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Missing 777 Malaysia Airliner Leaves Experts Clueless After 4 Days

Image: Missing 777 Malaysia Airliner Leaves Experts Clueless After 4 Days A map of a flight plan is seen on a computer screen during a meeting before a mission to find the Malaysia Airlines flight MH370.

By Michael Mullins   |   Tuesday, 11 Mar 2014 11:10 AM

A missing Boeing 777 is still unaccounted for a full four days since the Malaysia Airlines Flight 370 disappeared somewhere between Malaysia and Vietnam after leaving Kuala Lumpur early Saturday morning for Beijing.

No distress signal was sent from the missing 777, which experts say suggests a sudden catastrophic failure or explosion. Malaysia's air force chief told reporters that radar tracking of the missing 777 showed that it might have turned back from its scheduled route before it disappeared.

As a result, Malaysia Airlines officials said they were refocusing their search back toward the Strait of Malacca early Tuesday local time. The strait is a relatively narrow stretch of sea west of the Malaysia peninsula, NBC News reported.

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"All angles are being looked at. We are not ruling out any possibilities," the airline said in a statement.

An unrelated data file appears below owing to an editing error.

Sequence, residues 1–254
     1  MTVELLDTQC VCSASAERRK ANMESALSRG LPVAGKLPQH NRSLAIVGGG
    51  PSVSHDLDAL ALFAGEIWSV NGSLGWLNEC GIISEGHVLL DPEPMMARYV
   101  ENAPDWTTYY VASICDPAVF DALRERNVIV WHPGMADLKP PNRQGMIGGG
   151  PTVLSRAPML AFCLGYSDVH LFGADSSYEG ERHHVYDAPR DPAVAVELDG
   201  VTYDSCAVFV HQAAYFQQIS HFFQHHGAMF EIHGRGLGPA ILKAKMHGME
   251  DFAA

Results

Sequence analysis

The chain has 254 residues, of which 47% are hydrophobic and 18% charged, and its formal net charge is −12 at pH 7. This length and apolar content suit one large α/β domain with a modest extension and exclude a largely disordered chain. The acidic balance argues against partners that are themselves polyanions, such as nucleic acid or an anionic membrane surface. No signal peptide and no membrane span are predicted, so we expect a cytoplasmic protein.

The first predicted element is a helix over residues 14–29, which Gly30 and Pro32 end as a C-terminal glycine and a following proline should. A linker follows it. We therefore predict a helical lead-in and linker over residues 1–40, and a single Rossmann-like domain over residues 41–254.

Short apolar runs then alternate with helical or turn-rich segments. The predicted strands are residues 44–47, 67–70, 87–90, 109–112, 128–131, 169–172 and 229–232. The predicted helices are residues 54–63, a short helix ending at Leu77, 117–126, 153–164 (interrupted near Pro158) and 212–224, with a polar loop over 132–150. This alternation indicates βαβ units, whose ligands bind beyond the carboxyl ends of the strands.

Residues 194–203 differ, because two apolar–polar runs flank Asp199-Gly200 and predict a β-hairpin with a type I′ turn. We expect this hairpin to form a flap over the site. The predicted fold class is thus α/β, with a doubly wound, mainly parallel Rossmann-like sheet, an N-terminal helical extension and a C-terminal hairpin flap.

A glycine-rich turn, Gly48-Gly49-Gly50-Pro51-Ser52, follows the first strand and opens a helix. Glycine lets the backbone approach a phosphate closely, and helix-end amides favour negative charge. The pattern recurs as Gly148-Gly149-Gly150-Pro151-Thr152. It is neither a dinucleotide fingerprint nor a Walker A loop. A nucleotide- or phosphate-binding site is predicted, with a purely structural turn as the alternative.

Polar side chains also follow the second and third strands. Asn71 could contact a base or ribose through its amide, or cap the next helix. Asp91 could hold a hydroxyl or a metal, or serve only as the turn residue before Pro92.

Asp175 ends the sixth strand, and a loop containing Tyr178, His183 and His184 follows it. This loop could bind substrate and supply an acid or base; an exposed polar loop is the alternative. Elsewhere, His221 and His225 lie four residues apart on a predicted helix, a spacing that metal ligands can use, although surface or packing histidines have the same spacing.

Aside from Malaysia, various other nations have joined the search effort including the United States, Vietnam, Philippines, Australia, Indonesia, China, and Thailand, which together have deployed a total of 34 aircraft and 40 ships to the area as of Sunday.

The missing Boeing 777 airliner had 239 people aboard when it mysteriously disappeared Saturday, 227 of whom were passengers, 12 were crew.

Of the 227 passengers, three were Americans, with two reportedly being children. Among the other nationalities in the flight when it went missing were 38 Malaysians, seven Indonesians, six Australians, five Indians, and four French. The remainder of the passengers on the flight were reportedly Chinese nationals.

As part of the search, the United States has been extensively reviewing imagery taken by American spy satellites for evidence of a mid-air explosion, but saw none, a U.S. government source told Reuters.

"The fact that we are unable to find any debris so far appears to indicate that the aircraft is likely to have disintegrated at around 35,000 feet," senior source involved in preliminary investigation in Malaysia told Reuters.

When asked about the possibility of an explosion, such as a bomb, Malaysian authorities said nothing could be ruled out at this time.

At least two passengers aboard the missing Malaysia Airlines flight used stolen passports to board, officials announced Monday.

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The Associated Press reported that the stolen passports belong to Christian Kozel of Austria and Luigi Maraldi of Italy.

Tan Sri Khalid Abu Bakar, Malaysia's Inspector General of Police, told reporters Sunday that one of the two suspects has been identified, but wouldn't elaborate.

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